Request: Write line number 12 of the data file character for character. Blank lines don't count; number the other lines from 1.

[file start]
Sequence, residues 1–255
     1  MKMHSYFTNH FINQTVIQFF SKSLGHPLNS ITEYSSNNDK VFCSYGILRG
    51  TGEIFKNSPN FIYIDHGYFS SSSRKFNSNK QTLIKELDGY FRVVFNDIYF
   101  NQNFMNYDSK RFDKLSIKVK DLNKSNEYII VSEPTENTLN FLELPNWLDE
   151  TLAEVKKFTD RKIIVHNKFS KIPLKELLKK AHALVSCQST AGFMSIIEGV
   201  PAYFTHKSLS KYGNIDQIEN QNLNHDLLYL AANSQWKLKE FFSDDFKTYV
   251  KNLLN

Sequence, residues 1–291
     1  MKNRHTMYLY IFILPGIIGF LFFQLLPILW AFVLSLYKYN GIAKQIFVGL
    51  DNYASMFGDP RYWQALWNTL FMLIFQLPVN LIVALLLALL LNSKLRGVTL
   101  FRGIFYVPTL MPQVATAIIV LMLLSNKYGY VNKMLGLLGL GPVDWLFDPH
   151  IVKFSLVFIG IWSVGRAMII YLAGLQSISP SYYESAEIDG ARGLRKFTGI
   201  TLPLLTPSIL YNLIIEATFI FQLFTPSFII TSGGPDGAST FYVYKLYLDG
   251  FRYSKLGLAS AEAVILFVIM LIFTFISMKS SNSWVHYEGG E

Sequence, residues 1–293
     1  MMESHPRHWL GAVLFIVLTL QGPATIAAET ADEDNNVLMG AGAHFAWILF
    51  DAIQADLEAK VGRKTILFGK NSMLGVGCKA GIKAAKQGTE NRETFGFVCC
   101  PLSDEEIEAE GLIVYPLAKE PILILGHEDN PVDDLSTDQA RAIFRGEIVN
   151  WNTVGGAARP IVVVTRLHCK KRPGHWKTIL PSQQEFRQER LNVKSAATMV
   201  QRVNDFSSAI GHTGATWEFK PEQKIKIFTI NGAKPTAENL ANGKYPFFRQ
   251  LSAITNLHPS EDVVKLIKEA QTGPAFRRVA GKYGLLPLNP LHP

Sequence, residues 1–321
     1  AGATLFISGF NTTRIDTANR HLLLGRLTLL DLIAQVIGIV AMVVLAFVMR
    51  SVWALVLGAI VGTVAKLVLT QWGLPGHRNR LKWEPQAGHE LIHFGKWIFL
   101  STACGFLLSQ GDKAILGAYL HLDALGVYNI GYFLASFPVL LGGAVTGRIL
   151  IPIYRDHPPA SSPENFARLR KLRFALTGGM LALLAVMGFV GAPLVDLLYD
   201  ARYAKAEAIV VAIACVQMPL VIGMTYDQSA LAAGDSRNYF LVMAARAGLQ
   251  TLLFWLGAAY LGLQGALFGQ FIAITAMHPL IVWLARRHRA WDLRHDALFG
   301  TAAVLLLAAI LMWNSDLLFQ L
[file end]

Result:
   151  IVKFSLVFIG IWSVGRAMII YLAGLQSISP SYYESAEIDG ARGLRKFTGI